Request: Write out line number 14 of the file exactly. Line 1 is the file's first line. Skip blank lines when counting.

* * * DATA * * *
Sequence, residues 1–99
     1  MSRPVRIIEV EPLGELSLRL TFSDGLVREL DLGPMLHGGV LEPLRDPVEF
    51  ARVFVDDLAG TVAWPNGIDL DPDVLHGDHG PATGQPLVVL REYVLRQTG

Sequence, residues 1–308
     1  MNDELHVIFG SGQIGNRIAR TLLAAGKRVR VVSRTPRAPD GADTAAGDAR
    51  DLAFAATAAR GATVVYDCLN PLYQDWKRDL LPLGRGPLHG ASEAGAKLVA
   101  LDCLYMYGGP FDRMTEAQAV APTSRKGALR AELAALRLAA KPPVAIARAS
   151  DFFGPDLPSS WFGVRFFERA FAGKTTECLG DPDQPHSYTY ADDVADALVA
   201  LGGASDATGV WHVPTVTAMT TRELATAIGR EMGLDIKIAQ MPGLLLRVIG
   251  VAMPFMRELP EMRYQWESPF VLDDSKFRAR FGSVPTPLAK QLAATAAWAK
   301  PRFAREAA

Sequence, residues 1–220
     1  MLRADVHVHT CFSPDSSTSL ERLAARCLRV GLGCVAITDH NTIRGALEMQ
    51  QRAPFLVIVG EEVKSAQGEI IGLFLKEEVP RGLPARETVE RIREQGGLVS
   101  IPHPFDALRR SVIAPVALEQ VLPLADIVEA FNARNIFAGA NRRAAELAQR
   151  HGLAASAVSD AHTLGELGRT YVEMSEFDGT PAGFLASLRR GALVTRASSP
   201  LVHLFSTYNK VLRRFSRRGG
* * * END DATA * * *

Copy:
    51  QRAPFLVIVG EEVKSAQGEI IGLFLKEEVP RGLPARETVE RIREQGGLVS